I’ve been a big fan of Kevin Durant for a long time now. A superstar of the game, and (in my opinion) the most pure and technically gifted player in the NBA. But Kevin Durant has been catching my eye for reasons other than basketball recently.
Kevin Durant was asked in this past year what moniker he would prefer to be called having rejected fan offerings such as “The Durantula” and the “Slim Reaper”. Most NBA nicknames are meant to intimidate or proclaim the greatness of that athlete’s particular prowess, from “The Answer”, to “Magic”, “The Human Highlight Reel”, “Larry legend” or even…“The King”. Durant responded by saying he would like to be known by a different name: The Servant. You can feel the cultural tension already.
You see Kevin Durant doesn’t interest me just because he can drive to the basket with such grace and speed that it keeps Dwyane Wade up at night. It’s because Kevin Durant isn’t simply interested in building a kingdom for himself on earth. Durant has set himself on a course of action to shape and influence culture by building someone else’s Kingdom. The Kingdom of Heaven. Jesus’s Kingdom.
When Durant chose the nickname The Servant, in one single action he set himself against the culture of sports, entertainment, and celebrity. Aside from being spectacularly uncool (Even as a lover of all things Durant and all things Jesus I have to admit it ain’t the catchiest of nicknames) it speaks to something about his character and about the legacy he wants to leave. While most athletes spend their entire lives seeking personal glory, records, championships, titles, and a place in the history books, Durant is focused on more than just worldly success. I imagine the immortal words of Art LaFleur (from everyone’s favorite childhood sports movie The Sandlot) ring in the ears of most professional athletes:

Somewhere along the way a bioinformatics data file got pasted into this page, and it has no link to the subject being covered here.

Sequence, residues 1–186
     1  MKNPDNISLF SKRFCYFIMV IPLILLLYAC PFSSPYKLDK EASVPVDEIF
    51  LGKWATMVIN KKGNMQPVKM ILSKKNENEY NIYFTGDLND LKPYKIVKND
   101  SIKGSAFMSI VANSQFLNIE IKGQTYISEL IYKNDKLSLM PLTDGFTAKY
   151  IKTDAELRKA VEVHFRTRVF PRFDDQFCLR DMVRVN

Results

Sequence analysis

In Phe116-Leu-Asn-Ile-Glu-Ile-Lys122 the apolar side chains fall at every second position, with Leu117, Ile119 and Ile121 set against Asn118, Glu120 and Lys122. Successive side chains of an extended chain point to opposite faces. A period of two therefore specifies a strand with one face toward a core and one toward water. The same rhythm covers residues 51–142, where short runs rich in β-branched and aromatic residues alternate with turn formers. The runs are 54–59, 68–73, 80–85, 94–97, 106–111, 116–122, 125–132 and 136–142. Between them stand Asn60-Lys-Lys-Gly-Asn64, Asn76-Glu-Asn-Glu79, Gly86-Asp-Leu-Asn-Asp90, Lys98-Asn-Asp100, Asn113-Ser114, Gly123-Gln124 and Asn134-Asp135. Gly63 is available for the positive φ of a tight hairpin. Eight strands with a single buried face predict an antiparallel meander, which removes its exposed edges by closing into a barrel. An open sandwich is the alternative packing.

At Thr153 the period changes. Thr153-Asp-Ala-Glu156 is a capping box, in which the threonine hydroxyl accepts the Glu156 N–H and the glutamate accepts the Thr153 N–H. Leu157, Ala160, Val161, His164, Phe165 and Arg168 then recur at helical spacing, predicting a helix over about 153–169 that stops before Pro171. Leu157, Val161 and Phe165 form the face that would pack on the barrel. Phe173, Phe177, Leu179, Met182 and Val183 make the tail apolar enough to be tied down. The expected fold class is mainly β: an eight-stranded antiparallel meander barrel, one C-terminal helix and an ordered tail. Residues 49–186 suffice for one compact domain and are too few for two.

“Heroes get remembered but legends never die”
I’d be willing to wager that Durant lives by words from a different cultural prophet:
“Do not store up for yourselves treasures on earth, where moths and vermin destroy, and where thieves break in and steal. But store up for yourselves treasures in heaven, where moths and vermin do not destroy, and where thieves do not break in and steal. For where your treasure is, there your heart will be also” – Matthew 6:19-21
Because here’s the truth: heroes are forgotten and legends do die. A legacy on earth is a legacy with an expiration date. Durant has set his eyes a little higher. A few months after asking to be called ‘The Servant’ Durant followed through on the promise of his new name by backing it up with an action so powerful that it transcended sports and reverberated throughout the nation. His MVP speech.
After being handed the award for being the most valuable player in the entire NBA, for breaking records set by Michael Jordan, and for surpassing massive individual goals and markers, Durant had to give a speech. But he chose not to speak about his personal goals and achievements; of his greatness and his esteem. Instead, he addressed his mother. Through veiled tears he said this: